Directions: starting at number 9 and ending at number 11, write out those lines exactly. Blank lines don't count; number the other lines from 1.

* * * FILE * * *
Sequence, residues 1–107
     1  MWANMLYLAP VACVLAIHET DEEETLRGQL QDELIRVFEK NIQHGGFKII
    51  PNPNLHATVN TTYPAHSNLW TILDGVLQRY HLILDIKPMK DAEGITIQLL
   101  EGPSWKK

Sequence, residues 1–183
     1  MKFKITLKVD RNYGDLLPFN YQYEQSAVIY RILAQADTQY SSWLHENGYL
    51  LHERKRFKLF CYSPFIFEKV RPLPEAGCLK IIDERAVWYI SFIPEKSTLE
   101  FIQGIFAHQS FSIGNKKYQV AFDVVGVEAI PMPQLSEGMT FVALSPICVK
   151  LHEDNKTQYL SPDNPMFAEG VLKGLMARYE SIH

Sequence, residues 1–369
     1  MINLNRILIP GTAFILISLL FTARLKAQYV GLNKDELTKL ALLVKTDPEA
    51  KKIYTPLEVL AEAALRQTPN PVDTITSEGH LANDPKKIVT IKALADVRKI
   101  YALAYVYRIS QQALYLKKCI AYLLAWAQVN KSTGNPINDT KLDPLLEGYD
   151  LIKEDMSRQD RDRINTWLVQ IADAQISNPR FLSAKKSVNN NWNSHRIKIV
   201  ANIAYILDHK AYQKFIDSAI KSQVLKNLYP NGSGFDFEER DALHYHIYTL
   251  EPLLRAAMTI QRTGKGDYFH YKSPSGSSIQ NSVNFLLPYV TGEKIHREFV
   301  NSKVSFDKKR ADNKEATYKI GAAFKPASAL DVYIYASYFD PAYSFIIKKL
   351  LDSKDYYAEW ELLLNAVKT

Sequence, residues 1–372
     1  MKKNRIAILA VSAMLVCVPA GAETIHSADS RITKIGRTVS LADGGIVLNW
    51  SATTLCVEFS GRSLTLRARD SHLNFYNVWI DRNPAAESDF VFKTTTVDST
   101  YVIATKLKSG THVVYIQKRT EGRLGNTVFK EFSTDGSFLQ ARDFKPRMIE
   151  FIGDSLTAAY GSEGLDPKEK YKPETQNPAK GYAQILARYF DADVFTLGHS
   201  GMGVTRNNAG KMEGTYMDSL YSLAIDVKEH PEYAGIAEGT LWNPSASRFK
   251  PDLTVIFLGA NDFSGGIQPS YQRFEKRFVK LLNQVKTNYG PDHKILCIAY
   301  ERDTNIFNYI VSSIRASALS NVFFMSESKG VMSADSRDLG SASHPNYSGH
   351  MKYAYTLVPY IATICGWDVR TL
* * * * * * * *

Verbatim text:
   151  LHEDNKTQYL SPDNPMFAEG VLKGLMARYE SIH

Sequence, residues 1–369
     1  MINLNRILIP GTAFILISLL FTARLKAQYV GLNKDELTKL ALLVKTDPEA